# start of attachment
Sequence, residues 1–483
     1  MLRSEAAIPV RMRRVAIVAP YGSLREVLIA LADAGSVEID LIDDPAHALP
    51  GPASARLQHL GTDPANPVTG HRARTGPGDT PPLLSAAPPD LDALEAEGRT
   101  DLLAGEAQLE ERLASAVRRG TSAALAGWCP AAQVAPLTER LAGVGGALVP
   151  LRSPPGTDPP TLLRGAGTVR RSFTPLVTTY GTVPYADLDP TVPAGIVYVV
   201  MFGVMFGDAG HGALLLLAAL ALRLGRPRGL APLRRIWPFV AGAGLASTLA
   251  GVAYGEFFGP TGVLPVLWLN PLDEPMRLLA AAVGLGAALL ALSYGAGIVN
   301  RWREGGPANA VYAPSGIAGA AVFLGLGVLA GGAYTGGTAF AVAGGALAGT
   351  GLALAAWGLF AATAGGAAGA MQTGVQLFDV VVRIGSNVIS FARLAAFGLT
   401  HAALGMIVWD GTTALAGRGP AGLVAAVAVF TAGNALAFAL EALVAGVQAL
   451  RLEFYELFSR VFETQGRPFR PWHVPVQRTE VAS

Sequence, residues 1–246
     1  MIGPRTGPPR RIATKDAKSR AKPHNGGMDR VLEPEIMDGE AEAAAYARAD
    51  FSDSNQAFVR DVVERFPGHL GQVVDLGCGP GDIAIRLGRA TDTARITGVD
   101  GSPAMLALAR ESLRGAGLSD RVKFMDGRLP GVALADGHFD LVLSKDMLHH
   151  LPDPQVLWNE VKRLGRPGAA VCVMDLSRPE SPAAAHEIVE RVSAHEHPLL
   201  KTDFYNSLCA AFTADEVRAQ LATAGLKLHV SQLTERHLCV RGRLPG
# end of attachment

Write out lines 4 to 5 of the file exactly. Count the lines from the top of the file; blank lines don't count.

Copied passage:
   101  DLLAGEAQLE ERLASAVRRG TSAALAGWCP AAQVAPLTER LAGVGGALVP
   151  LRSPPGTDPP TLLRGAGTVR RSFTPLVTTY GTVPYADLDP TVPAGIVYVV